Sub 70 Golf Wedge Review
Sub-70 Golf Wedge Review: Can You Actually Get Quality Wedges Without Breaking the Bank?
The oil and gas industry? Sure, it’s competitive. I mean, if you think trying to differentiate yourself with petroleum is difficult, then fine, call it “competitive.”
What about textiles? Yeah, I mean, walk into any strip mall and you’ll find units of clothing in the thousands, discounted, discounted, and discounted again. It’s competitive, but child please.
Few industries have the hard-nosed, cut-throat, [insert adjective/verb + facial feature] nature that we see in golf’s $2.6 billion equipment manufacturing industry.
The golf equipment business has built a reputation for being downright nasty.
But a little known company based in Sycamore, Illinois is attempting to scrape out a niche in the artisan club building industry through great equipment at fair prices.
Who is Sub-70 Golf?
While I don’t intend this to be a holistic discourse on the Sub-70 Golf company (you can read their story, in their words, here), I do want to shed light on what they are trying to undertake in the golf industry.
To a small scale, the progression of modern technology has commoditized drivers, irons, wedgers, putters, and more. There is the super high-end niche to capture, the low-end crap (excuse my french) and the middle of the road equipment where every big box company in the industry is constantly dancing around, competing tooth-and-nail for the razor thin edges that differentiate one club from another.
But at Sub-70 Golf, they’ve made their mission simple: “to quietly provide the highest quality clubs at the lowest possible price.”
This is done by stripping away the bloat that comes with 7-figure marketing budgets, 4-5 club releases per year, and all of the margin built in to accommodate the needs of retail distribution.
Sub-70 Golf, and their founder Jason Hiland, have decided to go the route of high-quality equipment, sold direct to consumer, with the hopes of generating a loyal customer base and a cult following through grassroots marketing.
Back in May of 2019, we tested a few Sub-70 golf wedges.
Here’s the video review:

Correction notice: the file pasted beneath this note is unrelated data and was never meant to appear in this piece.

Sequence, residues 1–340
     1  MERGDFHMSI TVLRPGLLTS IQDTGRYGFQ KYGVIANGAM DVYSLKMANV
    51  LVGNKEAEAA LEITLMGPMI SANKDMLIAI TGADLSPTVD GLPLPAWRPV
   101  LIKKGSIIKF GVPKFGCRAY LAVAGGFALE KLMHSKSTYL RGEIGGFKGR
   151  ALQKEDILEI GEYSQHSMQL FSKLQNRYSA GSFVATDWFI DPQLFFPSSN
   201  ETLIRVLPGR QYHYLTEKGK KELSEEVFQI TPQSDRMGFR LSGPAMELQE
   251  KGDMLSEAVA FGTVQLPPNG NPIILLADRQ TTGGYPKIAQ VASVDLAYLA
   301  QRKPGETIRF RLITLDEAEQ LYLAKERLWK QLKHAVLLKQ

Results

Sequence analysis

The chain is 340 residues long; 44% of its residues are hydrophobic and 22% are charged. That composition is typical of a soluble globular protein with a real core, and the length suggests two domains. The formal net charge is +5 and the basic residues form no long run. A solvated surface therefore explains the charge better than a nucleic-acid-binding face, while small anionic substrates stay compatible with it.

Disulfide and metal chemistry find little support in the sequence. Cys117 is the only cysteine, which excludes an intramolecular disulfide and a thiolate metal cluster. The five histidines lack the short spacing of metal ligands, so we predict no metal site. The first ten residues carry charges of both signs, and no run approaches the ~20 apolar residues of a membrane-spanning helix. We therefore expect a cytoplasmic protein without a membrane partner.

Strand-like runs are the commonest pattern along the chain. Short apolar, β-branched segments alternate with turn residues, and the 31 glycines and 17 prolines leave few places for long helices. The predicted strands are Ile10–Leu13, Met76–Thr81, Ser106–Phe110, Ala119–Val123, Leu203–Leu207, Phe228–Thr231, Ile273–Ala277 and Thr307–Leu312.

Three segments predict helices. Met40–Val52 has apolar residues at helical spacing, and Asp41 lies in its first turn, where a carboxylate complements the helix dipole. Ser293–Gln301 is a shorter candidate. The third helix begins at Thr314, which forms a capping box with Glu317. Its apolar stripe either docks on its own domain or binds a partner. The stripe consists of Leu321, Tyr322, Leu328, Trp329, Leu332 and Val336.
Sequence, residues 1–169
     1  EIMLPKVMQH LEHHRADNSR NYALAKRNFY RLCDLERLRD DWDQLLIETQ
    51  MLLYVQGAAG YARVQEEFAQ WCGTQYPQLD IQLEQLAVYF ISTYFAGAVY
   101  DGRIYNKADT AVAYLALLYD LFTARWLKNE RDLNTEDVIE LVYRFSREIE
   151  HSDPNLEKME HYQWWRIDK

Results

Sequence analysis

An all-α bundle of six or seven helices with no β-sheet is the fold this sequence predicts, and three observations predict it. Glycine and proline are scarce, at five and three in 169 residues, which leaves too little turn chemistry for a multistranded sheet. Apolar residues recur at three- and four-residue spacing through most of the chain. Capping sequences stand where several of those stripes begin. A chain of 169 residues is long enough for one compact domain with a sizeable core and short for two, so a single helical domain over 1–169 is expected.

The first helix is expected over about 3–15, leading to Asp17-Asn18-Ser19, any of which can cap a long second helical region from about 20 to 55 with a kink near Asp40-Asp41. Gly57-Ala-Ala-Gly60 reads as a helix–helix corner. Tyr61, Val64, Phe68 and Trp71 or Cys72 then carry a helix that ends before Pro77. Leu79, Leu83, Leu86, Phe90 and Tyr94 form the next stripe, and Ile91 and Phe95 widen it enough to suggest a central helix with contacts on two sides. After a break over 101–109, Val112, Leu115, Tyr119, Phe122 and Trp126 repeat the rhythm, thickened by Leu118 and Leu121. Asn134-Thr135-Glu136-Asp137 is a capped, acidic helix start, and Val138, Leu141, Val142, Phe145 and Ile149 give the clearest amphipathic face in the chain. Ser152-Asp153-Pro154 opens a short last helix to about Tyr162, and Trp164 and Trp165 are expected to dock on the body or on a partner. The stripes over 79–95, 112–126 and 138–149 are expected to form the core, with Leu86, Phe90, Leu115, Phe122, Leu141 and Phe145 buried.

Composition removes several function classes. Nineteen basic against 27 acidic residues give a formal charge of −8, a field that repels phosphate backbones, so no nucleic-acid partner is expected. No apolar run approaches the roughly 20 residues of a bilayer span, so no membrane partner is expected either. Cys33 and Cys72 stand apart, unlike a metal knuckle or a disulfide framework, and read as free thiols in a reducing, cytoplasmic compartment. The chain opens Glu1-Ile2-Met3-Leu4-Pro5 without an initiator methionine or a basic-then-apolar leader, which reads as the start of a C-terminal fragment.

Before you read any further, if you’re a numbers nerd, this particular review isn’t the review for you. We did not record our measured data. While we used the flight monitor to loosely gauge performance, without matching lofts, shafts, balls, etc. we felt that using granular data would be misleading.
This review provides our thoughts and feedback, as well as the aggregated opinions of others in the industry.
The Sub-70 Look
Now Sub-70 Golf wedges come in three different types (satin, raw, and black) and in 7 lofts (48, 50, 52, 54, 56, 58, 60).
We got our hands on two wedges — a 52 and a 56 — in the matte black look.
My first impression of the club was that they had a sleek, professional look and a forged head that looked really good. They even looked good against the asphalt background when I set the club down for the first time in a parking lot.
The head felt slightly larger than what I have in my bag, which made sense after doing research. The clubs were designed “for all types of swingers and turf types,” while still generating high-level performance. The appearance in size made sense.
As for the matte black, it was sharp. No issues with sun glare with these wedges. And I noticed after hitting a few shots, we wouldn’t need impact tape.
The Feel and Performance
While I didn’t get the shafts customized for this demo, shafts, lengths, and lofts are customizable for anyone. Simply specify when you order.
When I started hitting some half wedge shots, I noticed almost immediately that we were dealing with elite caliber quality here. I was receiving feedback through impact and could tell when pinching a few ¾ shots, that the golf ball was spinning in the air.
The club felt very stable through impact and inspired confidence in its consistency if I were to take it out to the golf course during that afternoon.
After hitting a couple dozen shots, some high/low/full/half, we decided to get on the course. We took them out back to the practice green area to see about the full performance of this wedge.
Wedges are not only scoring clubs from 40-140 yards, but they are obviously vital around the greens. And I value versatility as perhaps a paramount feature when hitting wedges.
In terms of versatility, I was able to have control with an array of full swings. Moreover, I was able to hit chip shots, pitch shots, bunker shots and a few different types of specialty shots. Aside from any mega flops (we had the 52/56), the club held up every step of the way.
And despite not having numbers to really stack up head-to-head, the spin numbers were definitely there. These wedges seemed to have spun more than what I currently had in my bag.
I was impressed.
The heads are CNC milled (computer numerical control). This means the club is milled out of a solid piece of metal vs. being shaped in a cast. The value to having wedges that are CNC milled is all in the consistency and durability in both feedback and performance.
I noticed two little notches taken out of the back of the wedge. After some research, it appears the weight was removed with the intent of helping generate ball flights that players desire. Not only that, it helps in maintaining a certain level of forgiveness that higher-handicap players require.
I would love to test wedges with/without these notches to see if I can decipher the performance and flight.
I would argue these wedges hold up well against almost any wedges in the industry.
If you’re looking for a club with stopping power on the greens, good glide through the sand, control from the fairways, and general forgiveness from all of the above, the Sub-70 Golf wedge collection is definitely a place to go.
The only thing you’ll have to figure out next is what to do with the money you saved.